J. S. Bach's Goldberg Variations is one of those pieces that you can just keep listening to (you can listen to MIDI versions of it). I enjoy playing it, and I like listening to other people play it, as many people as care to play it, even if they make two recordings of it. That's what András Schiff has done, in imitation of Glenn Gould and others: a second recording of the Goldberg Variations, a live performance to go along with his earlier studio version. In an interview article with Martin Kettle (Bach at His Best, October 3) in The Guardian, Schiff says some very interesting things about this beloved piece. These are presumably related to the written notes on the piece, what he calls a "guided tour" of the Goldberg Variations, which he has included with the new CD. As with so much of Bach's music, the work is dizzyingly intellectual in its conception, underpinned by a flawlessly logical structure, of which one can listen in blissful ignorance, of course.
Schiff sees the variations as "10 groups of three . . . one variation represents 'the physical', one 'the emotional' and one 'the intellectual'," with that third one in every set in the form of a canon, "each at an increasing interval, starting with the canon in unison and working up to the canon in ninths." With such an exquisite structure in place, Bach has to undermine it by concluding with the Quodlibet as the 30th variation, what Schiff calls
a most human climax. . . . The ground bass is still there, of course, but the character of the movement is formed by two folk tunes that would have been easily recognisable to Bach's contemporaries. One of these songs is about cabbages and turnips. The other is about how long it is since he has been away. I feel it's all very sociable and merry, like a family get-together. I can imagine Bach and his family all sat round the table with a glass of beer.The kernel of the whole thing, the aria played at the beginning and the end, is certainly, as Kettle puts it, "one of the most sublime statements of calm in all European music." It is remarkable to think of what complexities Bach drew from this statement of elegant simplicity. However, Schiff's focus in the aria and in the whole piece is not where you might expect, the melody, but on the bass:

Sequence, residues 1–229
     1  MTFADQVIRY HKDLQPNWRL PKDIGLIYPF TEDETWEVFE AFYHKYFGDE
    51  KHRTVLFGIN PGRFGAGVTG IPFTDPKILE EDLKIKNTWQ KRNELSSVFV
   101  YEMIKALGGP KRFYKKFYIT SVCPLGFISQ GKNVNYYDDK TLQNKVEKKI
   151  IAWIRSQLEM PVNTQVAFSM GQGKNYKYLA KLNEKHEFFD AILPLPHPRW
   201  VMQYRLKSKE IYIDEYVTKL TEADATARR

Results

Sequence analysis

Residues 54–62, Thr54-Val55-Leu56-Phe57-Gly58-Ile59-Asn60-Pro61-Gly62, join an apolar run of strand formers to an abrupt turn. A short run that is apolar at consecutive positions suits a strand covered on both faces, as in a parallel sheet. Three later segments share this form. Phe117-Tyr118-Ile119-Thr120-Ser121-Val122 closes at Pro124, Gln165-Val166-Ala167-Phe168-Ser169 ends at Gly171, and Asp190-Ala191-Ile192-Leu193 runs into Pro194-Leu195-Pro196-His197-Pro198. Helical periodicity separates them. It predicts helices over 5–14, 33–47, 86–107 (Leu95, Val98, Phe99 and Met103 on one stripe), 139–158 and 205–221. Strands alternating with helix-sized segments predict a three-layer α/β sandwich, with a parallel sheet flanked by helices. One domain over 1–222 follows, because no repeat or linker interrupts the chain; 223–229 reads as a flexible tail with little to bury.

I think the way to think of it is by thinking of Bach as an architect rather than as a painter. Beware of the tunes. Concentrate instead on the ground bass, which is the solid foundation of everything else. Where I live now in Florence, we have this most beautiful cathedral with its dome and cupola by Brunelleschi. But it would not be there without the foundations to hold it up. Similarly in music there is a tendency to follow the top line. I think always in music we should start with the bass.This statement was so thought-provoking that I stood up from the computer, went to find my score of the Goldberg Variations, and played the aria to see what Schiff was talking about.
It also happens that the subject of my Humanities lecture this morning was Filippo Brunelleschi and S. Maria del Fiore, the cathedral of Florence. To continue this theme of architecture and music, I follow the class on Florence Cathedral with a lecture on the piece Guillaume Dufay wrote for the consecration of that building, an isorhythmic motet called Nuper rosarum flores, an extraordinarily complex piece of music that is structured according to mathematical numbers and ratios corresponding to the description of the Temple of Jerusalem in the Old Testament.